This post is a list of many of the reasons to use Postgres, much this content as well as how to use these features will later be curated within PostgresGuide.com. If you need to get started check out Postgres.app for Mac, or get a Cloud instance at Heroku Postgres for free
UPDATE: A part 2 has been posted on Why Use Postgres
Very often recently I find myself explaining why Postgres is so great. In an effort to save myself a bit of time in repeating this, I though it best to consolidate why Postgres is so great and dispel some of the historical arguments against it.
For some time the biggest argument for MySQL over Postgres was the lack of a good replication story for Postgres. With the release of 8.4 Postgres’s story around replication quickly became much better.
While replication is indeed very important, are users actually setting up replication each time with MySQL or is it to only have the option later?
This is a feature those familiar with Oracle greatly missed in Postgres. In fact even SQL Server had some form of them, though it was with T-SQL, which adds a bit more complexity to the feature. This is a feature that once you have you can’t live without; the other options that existed before were slower and much more complicated. With the release of 8.4 window functions were added to bring Postgres on par with Oracle in this area. For more info on using them check the Postgres docs above or PostgresGuide.com.
Creating a custom column is simpler in Postgres than any other database I’ve used by far. Excluding custom datatypes, even Postgres’s out of the box datatypes make Postgres stand out far ahead of other databases. In particular the ability to create a column as an Array of some datatype. Want to store a game of tic-tac-toe in a database, or an array of 1 user’s phone numbers? It simply becomes a single column that can contain multiple phone numbers for a user.
Need to do some logic outside of standard SQL? Postgres likely has a function already available to do it for you. What about the time you wanted to take all rows returned by a query and combine them into a function? Give array_agg a look. Need to split a string and grab a part of it or some other string action, there’s a function for that.
Want to use another language inside your database? Postgres probably supports it:
Need to go beyond standard Postgres? There’s a good chance that someone else has, and that there’s already an extension for it. Extensions take Postgres further with things such as Geospatial support, JSON data types, Key Value Stores, and connecting to external data sources (Oracle, MySQL, Redis). I could easily have a full post on extensions available alone, fortunately someone else has already created an awesome one - PostgreSQL Most Useful Extensions.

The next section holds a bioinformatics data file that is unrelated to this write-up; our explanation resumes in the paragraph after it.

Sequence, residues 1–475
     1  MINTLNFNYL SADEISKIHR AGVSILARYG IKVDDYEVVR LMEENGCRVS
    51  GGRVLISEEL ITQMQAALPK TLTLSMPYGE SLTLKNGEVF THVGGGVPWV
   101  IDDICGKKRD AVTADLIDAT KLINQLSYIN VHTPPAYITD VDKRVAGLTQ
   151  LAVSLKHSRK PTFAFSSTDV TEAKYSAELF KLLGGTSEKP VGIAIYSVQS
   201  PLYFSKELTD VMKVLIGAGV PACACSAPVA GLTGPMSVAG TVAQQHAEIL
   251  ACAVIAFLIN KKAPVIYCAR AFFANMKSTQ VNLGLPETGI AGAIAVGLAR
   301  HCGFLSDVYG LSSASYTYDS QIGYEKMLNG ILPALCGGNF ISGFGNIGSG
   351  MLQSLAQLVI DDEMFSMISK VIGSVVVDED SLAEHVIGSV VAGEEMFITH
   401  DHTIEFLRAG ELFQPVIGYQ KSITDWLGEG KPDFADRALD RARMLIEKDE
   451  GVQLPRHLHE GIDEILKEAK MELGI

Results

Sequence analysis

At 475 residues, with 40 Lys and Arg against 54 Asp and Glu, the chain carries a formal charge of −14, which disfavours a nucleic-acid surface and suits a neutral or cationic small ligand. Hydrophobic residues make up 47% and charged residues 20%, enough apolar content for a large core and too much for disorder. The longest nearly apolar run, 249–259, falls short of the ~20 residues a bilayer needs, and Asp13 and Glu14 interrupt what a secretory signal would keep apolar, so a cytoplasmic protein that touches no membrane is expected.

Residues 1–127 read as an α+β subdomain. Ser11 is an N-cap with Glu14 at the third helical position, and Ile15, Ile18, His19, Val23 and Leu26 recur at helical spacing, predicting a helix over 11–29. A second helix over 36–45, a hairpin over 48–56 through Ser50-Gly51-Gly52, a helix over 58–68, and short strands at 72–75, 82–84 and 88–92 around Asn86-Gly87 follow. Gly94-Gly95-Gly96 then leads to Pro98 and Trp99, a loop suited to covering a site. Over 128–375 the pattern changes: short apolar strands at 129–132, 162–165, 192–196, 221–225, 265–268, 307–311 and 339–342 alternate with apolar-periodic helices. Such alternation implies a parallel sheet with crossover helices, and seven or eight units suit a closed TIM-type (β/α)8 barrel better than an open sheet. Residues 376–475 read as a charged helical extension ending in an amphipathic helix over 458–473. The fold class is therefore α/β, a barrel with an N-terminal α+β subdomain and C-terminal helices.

NoSQL gives flexibility
I don’t want to get too NoSQL versus SQL debate…. no matter which side you fall on you can get both in Postgres. With hstore and PLV8 you’ll get the flexibility in your data that you would with Mongo along with all of the above features. Will Leinweber has a talk that he’s given at several conferences recently that highlights Schemaless SQL.
Didn’t find the function you wanted in the above? Try creating it yourself:
CREATE FUNCTION awesomeness(varchar) RETURNS boolean AS 'CASE WHEN $1 == \'postgres\' THEN TRUE ELSE FALSE END;' LANGUAGE SQL IMMUTABLE RETURNS NULL ON NULL INPUT;
Common Table Expressions
Often times when exploring data or creating a new view you’ll want to load data into a temporary table. When exploring data you only need this for a temporary time. Why actually go through the effort of putting it into a temporary table, especially if you only need it for a single query. Common Table Expressions let you accomplish just that.
For some period of time MySQL and Postgres were both moving at fast paces. In recent years though Postgres has rapidly picked up its pace of how much gets packed into a single release. Just take a look at the Major Releases.
Hopefully you’re convinced on why Postgres is a great tool. Next take a visit to PostgresGuide if you need some direction on where to start or how to use many of the above features.
If you’re looking for a deeper resource on Postgres I recommend the book The Art of PostgreSQL. It is by a personal friend that has aimed to create the definitive guide to Postgres, from a developer perspective. If you use code CRAIG15 you’ll receive 15% off as well.